United States District Court, D. Arizona
Robert B. Thorp, an individual, Plaintiff,
Home Health Agency - Arizona, Inc., d/b/a Team Select Home Care, a Florida corporation; Michael W. Lovell, in his official and individual capacities, and Stacy P. Lovell, husband and wife; Jean Chicken, in her official capacities, and John Doe Chicken, husband and wife; John Does and Jane Does 1-X; White Corporations 1-X; Black Limited Liability Companies1-X; and Blue Partnerships 1- X, Defendants
For Robert B Thorp, an individual, Plaintiff: Joshua William Carden, LEAD ATTORNEY, Davis Miles McGuire Gardner PLLC, Tempe, AZ.
For Home Health Agency - Arizona Incorporated, a Florida corporation, doing business as, Team Select Home Care, Michael W Lovell, in his official and individual capacities/ husband, Stacy P Lovell, wife, Jean Chicken, in her official and individual capacities/ wife, Defendants: Dawn Christel Valdivia, LEAD ATTORNEY, Marian M Zapata-Rossa, Quarles & Brady LLP, Phoenix, AZ.
For Unknown Chicken, named as: John Doe Chicken/ husband, Defendant: Marian M Zapata-Rossa, Quarles & Brady LLP, Phoenix, AZ.
Michelle H. Burns, United States Magistrate Judge.
Pending before this Court is Defendants' Motion to Dismiss Counts III, IV, and V of Plaintiff's Complaint (Doc. 9), and Defendants' Motion to Dismiss Defendants Michael W. Lovell, Stacy P. Lovell, Jean Chicken, John Doe Chicken (hereinafter " individual defendants" ), and Fictitious Defendants (Doc. 10). Plaintiff has filed a consolidated Response (Doc. 14), and Defendants have filed a consolidated Reply (Doc. 19). Plaintiff does not object to the dismissal of the Fictitious Defendants from the Complaint, or the dismissal of the individual Defendants from Counts I and II of the Complaint, and therefore the Court will order the dismissal of the Fictitious Defendants from the Complaint, and the individual Defendants from Counts I and II of the Compliant.
Defendants move, pursuant to Fed.R.Civ.P. 12(b)(6) to dismiss Counts III, IV, and V against Home Health Agency - Arizona, Inc., d/b/a/ Team Select Home Care (hereinafter " Team Select" ), and Count III against Team Select and the individual defendants, for failure to state a claim upon which relief can be granted.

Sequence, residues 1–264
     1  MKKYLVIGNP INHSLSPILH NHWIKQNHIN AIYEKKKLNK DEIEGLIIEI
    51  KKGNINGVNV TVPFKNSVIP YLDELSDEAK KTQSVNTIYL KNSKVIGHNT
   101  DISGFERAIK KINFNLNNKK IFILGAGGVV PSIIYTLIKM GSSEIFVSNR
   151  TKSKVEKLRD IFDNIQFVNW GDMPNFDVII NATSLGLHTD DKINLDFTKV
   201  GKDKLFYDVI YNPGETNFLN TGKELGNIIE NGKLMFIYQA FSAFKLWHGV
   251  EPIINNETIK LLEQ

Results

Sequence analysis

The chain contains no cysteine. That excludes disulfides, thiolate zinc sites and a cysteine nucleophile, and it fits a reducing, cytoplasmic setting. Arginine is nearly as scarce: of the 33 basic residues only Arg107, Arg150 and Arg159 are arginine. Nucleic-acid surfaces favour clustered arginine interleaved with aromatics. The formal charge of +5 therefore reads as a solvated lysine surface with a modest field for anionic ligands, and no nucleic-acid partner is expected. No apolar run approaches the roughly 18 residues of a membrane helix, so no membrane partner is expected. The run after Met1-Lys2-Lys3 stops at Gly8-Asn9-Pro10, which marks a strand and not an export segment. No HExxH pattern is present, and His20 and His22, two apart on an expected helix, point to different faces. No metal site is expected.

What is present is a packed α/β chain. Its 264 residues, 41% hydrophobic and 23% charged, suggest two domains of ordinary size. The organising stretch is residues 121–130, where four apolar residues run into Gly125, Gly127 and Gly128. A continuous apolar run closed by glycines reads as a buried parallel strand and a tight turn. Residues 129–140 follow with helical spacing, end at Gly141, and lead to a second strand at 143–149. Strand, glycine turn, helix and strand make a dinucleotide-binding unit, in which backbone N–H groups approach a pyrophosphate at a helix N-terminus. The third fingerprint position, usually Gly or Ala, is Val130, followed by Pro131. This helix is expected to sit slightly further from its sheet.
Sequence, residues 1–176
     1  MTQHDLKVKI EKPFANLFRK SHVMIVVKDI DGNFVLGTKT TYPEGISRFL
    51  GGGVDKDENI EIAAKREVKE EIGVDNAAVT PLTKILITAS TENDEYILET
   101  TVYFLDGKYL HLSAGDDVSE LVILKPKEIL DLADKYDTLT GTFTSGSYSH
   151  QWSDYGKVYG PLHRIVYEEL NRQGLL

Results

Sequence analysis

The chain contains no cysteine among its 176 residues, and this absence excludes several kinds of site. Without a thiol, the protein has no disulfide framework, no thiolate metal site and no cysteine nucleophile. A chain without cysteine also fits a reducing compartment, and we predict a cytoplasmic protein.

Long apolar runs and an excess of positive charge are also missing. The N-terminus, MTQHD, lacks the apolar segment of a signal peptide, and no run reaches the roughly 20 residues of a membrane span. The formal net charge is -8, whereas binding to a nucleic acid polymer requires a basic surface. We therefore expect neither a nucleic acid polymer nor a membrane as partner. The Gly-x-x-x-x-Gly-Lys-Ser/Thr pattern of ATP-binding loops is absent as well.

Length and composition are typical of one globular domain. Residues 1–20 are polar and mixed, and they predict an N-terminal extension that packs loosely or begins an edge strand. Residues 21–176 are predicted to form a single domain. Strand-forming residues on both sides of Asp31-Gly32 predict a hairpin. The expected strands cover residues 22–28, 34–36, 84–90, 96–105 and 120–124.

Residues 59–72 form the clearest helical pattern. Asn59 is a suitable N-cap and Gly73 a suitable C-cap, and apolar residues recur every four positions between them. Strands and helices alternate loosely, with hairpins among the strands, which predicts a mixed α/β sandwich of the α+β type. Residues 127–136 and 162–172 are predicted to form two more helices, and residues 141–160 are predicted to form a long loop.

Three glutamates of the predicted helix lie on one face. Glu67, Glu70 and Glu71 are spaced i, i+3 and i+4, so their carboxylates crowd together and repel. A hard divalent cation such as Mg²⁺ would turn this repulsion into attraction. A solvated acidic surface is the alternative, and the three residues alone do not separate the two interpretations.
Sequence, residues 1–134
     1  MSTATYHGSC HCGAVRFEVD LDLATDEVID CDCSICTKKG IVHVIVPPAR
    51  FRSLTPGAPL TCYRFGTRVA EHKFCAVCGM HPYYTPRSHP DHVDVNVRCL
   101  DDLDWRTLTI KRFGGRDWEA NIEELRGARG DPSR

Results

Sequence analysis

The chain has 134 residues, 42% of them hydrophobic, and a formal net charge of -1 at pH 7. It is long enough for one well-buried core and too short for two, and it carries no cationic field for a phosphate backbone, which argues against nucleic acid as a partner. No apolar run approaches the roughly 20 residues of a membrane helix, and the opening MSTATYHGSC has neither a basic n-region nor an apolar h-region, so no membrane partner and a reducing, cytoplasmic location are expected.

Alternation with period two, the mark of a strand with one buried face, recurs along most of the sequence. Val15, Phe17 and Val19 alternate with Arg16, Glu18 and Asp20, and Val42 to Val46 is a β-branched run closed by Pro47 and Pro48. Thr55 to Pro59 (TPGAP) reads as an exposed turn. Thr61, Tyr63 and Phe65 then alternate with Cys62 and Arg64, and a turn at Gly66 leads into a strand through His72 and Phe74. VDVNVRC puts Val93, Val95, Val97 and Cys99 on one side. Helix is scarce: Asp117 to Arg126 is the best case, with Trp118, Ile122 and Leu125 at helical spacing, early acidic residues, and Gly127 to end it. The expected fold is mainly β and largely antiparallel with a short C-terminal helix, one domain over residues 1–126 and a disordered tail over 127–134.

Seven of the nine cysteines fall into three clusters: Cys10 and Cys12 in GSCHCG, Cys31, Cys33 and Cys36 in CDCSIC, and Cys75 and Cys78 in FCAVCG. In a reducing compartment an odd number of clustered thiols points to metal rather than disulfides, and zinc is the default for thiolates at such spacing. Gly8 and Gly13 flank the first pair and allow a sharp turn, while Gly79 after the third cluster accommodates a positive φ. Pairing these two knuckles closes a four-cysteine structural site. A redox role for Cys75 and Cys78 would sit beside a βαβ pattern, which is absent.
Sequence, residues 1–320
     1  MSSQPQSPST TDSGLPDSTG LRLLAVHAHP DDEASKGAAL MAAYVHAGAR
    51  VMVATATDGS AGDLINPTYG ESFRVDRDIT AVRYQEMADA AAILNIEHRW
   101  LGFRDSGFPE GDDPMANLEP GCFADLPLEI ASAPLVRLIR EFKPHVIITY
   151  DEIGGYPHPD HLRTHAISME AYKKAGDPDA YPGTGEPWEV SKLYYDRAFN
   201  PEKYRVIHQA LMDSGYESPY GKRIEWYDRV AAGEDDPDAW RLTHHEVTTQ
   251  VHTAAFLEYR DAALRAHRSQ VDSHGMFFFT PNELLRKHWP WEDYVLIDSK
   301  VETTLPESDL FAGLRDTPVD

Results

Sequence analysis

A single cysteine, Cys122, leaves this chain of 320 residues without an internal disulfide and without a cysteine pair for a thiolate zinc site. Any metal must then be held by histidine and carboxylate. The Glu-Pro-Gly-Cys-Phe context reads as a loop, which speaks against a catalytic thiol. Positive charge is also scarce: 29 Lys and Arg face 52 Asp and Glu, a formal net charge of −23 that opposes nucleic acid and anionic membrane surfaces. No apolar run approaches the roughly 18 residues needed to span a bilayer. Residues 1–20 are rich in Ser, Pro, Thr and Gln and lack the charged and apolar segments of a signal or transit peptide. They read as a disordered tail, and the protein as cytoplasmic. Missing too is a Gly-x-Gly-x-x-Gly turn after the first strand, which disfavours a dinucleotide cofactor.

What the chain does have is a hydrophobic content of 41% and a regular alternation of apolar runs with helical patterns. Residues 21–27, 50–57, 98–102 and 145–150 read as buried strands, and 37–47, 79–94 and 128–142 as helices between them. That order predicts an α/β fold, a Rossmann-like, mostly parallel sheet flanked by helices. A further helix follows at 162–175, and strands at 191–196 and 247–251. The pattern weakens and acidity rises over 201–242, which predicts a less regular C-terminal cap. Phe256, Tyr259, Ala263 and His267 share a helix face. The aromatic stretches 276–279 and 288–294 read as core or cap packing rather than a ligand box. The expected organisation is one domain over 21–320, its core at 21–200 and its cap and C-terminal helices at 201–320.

Plaintiff Thorp was employed by Defendant Team Select as a Clinical Supervisor from September 27, 2010, through approximately December 31, 2010. Plaintiff alleges in his Complaint that during his tenure with Team Select, he was routinely subjected to outrageous religious discrimination and sexual harassment. These allegations are the basis for the present lawsuit Plaintiff has filed against Defendants, which includes claims for: (I) Title VII discrimination and harassment; (II) retaliation; (III) intentional infliction of emotional distress; (IV) negligent hiring, retention, or supervision; and (V) breach of the covenant of good faith and fair dealing.
RULE 12(b)(6) STANDARD.
The Court may dismiss a complaint for failure to state a claim under Rule 12(b)(6), Fed.R.Civ.P., for two reasons: 1) lack of a cognizable legal theory, or 2) insufficient facts alleged under a cognizable legal theory.
Balistreri v. Pacifica Police Dep't, 901 F.2d 696, 699 (9th Cir.1990). To adequately state a claim, a complaint must meet the requirements of Rule 8(a)(2), Fed.R.Civ.P., which requires a " short and plain statement
of the claim showing that the pleader is entitled to relief," so that the defendant has " fair notice of what the ... claim is and the grounds upon which it rests."
Bell Atlantic Corp. v. Twombly, 550 U.S. 544, 555, 127 S.Ct. 1955, 167 L.Ed.2d 929 (2007) (quoting Conley v. Gibson, 355 U.S. 41, 47, 78 S.Ct. 99, 2 L.Ed.2d 80 (1957)).
Although a complaint attacked for failure to state a claim does not need detailed factual allegations, the pleader's obligation to provide the grounds for relief requires " more than labels and conclusions, and a formulaic recitation of the elements of a cause of action will not do."
Twombly, 550 U.S. at 555. Rule 8(a)(2) " requires a 'showing,' rather than a blanket assertion, of entitlement to relief. Without some factual allegation in the complaint, it is hard to see how a claimant could satisfy the requirement of providing not only 'fair notice' of the nature of the claim, but also 'grounds' on which the claim rests." Id. at 555 n. 3 (citing 5 C. Wright & A. Miller, Federal Practice and Procedure § 1202, pp. 94, 95(3d ed.2004)). Rule 8's pleading standard demands more than " an ...